The words stayed with her through the night, long after she’d finished singing, long after she’d collected her tips and closed her guitar case, long after Parson’s had emptied for the night and she’d hailed a cab home.

Even as she lay in bed that night, she couldn’t forget the image of the only pair of eyes she’d ever seen that were as pain-filled as her own.



Special promotional price until the end of May 2016, only:

99c



The Groom is available in e-book and print from all major sellers. Details for The Groom, including sellers' links, are at:

Bottom Drawer Publications

Also available at:

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Find Elise Marion at:






Also by Elise Marion:

My Ex-Wife's Wedding





“If anyone here has any reasons as to why Holly and Lyle should not be joined in Holy Matrimony, let him speak now or forever hold his peace.”
Does anyone ever speak up?  Has a bride or groom ever hoped for someone to say something so that they don’t have to?  All of this, and more, is flashing though Holly’s mind as she’s standing at the altar with her soon-to-be-husband, Lyle. He’s good-looking, kind, dependable and he loves her. What more could a woman want?

Available for FREE download:

Wednesday, 11 May 2016

Inaugural #WritingTips Post



“We are all apprentices in a craft where no one ever becomes a master.”
—Ernest Hemingway


Scene Setting – Part 1 – Talking Heads



Hello, and welcome to our first blog feature providing writing and editing tips. Today we're going to be talking about something we see quite frequently while editing—“talking heads.” Talking heads takes place in a manuscript when there is a great conversation going on, usually a long conversation or scene, where there is no setting or actions for what is happening around the characters. Sometimes it’s not obvious straight up as the dialogue is riveting, but then the reader starts to wonder things: Where are they? Are they just standing there and not moving while they are talking?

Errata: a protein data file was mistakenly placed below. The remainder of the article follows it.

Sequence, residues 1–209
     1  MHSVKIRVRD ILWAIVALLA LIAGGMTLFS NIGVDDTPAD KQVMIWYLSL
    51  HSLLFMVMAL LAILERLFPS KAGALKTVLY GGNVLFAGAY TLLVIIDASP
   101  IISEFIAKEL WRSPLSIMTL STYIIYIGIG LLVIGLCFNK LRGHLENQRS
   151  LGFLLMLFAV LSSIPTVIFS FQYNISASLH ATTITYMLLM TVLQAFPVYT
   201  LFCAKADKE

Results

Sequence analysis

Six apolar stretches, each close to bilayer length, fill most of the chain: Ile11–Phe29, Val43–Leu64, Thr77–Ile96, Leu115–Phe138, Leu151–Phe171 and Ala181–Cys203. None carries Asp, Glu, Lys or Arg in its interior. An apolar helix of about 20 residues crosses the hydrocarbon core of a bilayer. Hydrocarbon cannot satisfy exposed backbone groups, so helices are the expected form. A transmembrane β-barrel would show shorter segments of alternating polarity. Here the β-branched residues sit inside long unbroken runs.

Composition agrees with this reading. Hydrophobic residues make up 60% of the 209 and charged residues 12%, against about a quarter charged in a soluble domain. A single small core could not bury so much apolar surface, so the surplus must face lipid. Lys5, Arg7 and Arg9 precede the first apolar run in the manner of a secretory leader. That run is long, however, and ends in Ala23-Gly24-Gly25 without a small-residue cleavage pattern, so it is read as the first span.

Example:

Eve slapped his face, hard, and then took off. Adam needed to talk to her about what happened. Letting her go was not an option.

“Hey, Eve,” he shouted. “Slow down, baby, I just need you to listen to me.”

Eve’s steps faltered, and his heart soared that she might let him make it up to her.

“I don’t want to talk to you.”

Eve was crying hard when he found her. Adam’s heart wrenched at the sight, knowing he’d caused her pain.

“I’m sorry. I didn’t mean it when I said that your bottom looked big in that leaf.”


Let’s identify the problems in this short scene:

1.     Where is this scene taking place, and what does it look like?
2.     Where did Eve go?
3.     How did Adam get to her?
4.     What were their bodies doing during the scene, or were their hands by their sides the whole time after the initial slap?


Setting the scene:

Eve slapped his face, hard, and then took off from their encampment. Adam chased after her, surprised at how fast she was running. He needed to talk to her about what happened. Letting her go was not an option. The Garden of Eden was overgrown, though, lush with all manner of flowering shrubs and long grass, and he soon lost sight of her among the dense foliage.

“Hey, Eve,” he shouted. “Slow down, baby, I just need you to listen to me.”

Eve’s steps faltered, and his heart soared that she might let him make it up to her.

“I don’t want to talk to you.” Eve’s voice filtered back at him from the wall of green, still out of sight.

Adam put on a burst of speed, and as he rounded the large willow tree on the banks of the stream that ran through the garden, he caught sight of her. She was sitting on a log on the very edge of the garden; her head was bowed down, and she was sobbing into her hands. His heart wrenched at the sight, knowing he’d caused her pain.

He slowed down as he trod over the uneven ground that separated them and then knelt in front of her, taking her hands in his. She tried to pull away, but he held her fingers a little tighter.

“I’m sorry. I didn’t mean it when I said that your bottom looked big in that leaf.”